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This Florida Activist Turned Trauma Into Activism


Tyler Hurt has seen tough times and he's using the experience help others now.

This article is part of the Positive U series, a component of U=U & U, Pride Media’s year-long initiative to get the word out about HIV prevention, treatment, and testing, especially the groundbreaking news that people living with HIV who have undetectable viral loads can no longer transmit HIV.

Tyler Hurt is the first to admit he hasn’t always proudly stood strong in his convictions. Born in Las Vegas, Hurt had moved to Orlando, Fla., as a young adult. After a number of tumultuous years, Hurt's life took a positive, if unlikely, detour.

“I wanted to just love my body,” Hurt recalls. Now an activist, at the time Hurt was approached by a photographer who was working on a nude photo series. Hurt offered the lensman a trade-off.

“I said, ‘I’ll do your series if you can give me images I can send to adult producers,’” he remembers saying. The photo series that followed ended up changing his life, but not because it ended up in the hands of a movie producer.

"That series showed me things I’ve never seen before," Hurt recalls. "It showed me vulnerability and strength in my own skin — all at the same time.”

Upon receiving the photos, the young man was so inspired that he decided to post them on social media instead. He displayed his own truth for the world to see with captions including, “I’m HIV-positive and I’m beautiful” and “I have a mental illness and I am beautiful.”


He says the images inspired him to be known in the gay community as simply, “The naked guy.” The social encouragement Hurt received acted as a balm for the years of fear, pain, and isolation he felt while on a search for his purpose.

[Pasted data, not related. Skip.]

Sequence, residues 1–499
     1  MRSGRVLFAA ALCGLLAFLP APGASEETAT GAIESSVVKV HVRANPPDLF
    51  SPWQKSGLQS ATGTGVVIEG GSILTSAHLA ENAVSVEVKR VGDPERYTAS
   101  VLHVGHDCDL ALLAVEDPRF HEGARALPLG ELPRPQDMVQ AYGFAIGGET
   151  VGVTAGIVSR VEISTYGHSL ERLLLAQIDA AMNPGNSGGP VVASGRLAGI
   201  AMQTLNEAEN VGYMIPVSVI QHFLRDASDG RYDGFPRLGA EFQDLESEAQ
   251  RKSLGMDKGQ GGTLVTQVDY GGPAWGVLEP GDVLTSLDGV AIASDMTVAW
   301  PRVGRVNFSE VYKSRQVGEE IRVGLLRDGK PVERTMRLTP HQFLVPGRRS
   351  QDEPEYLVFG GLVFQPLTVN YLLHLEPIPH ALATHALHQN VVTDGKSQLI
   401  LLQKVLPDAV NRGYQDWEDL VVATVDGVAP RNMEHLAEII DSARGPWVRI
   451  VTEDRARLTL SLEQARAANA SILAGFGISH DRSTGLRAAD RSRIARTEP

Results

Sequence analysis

After high school graduation, Hurt admits he sunk into a deep depression for several years. An ongoing battle with drug and alcohol addiction led him to purposefully become HIV-positive. In Florida, which is second in the nation among new HIV cases, that's not a surprise. And Orange County, where Orlando is located, ranks third in the state after Miami-Dade and Broward counties.  A full 25 percent of those new cases each year are among people ages 13-24. 

Hurt discovered his positive diagnosis when he was 21 years old.

“It’s not that I wanted to become HIV-positive,” he understands now. “It was because… I felt isolated in the community. I felt isolated by my own family. I felt isolated from everything.”

While Hurt doesn’t regret blindly looking for HIV as a young adult, he’s now using that experience to deter others from walking down the same path.

As marketing coordinator at Impulse Orlando, an organization focusing on educating gay and bi men about HIV prevention and safer-sex practices, Hurt now uses his story of perseverance to encourage other folks to find clarity in their pain. At Impulse, men are urged to know their status, get tested, and if positive get on treatment.

Read more about Orlando's HIV resources here.

Those living with HIV can become undetectable on treatment and thus unable to transmit HIV to others. It's the U=U effort is becoming a universal goal for healthcare providers and people living with HIV both.

Of course, for Hurt, he's also trying to prevent more young men from acquiring HIV through safer-sex practices. And he's also working with groups still marginalized among sexual health educators.

In August, he organized Kamp!, an HIV advocacy weekend event that aimed to de-stigmatize the kink community in the sexual health sphere.

“I aim to bring more light for those who feel isolated so that they don’t walk down the same path,” he proclaims. “If they are adults walking down that path, let’s give you some knowledge and education before you make that choice. I wasn’t afforded that. I wasn’t given an education on what it means [to live with HIV].”

Hurt says he waited three months before getting treatment after finding out he was HIV-positive. Following a multitude of therapy sessions, the activist ultimately found a health professional he connected to on a “level that works." He's since been able to work through a lot of his past trauma, including a childhood of abuse and neglect.

Through his work and activism, this newly-empowered "naked guy" with HIV is making a change for the rest of his community.

Find out more about U=U, and what that means for you, at our U=U&U channel.

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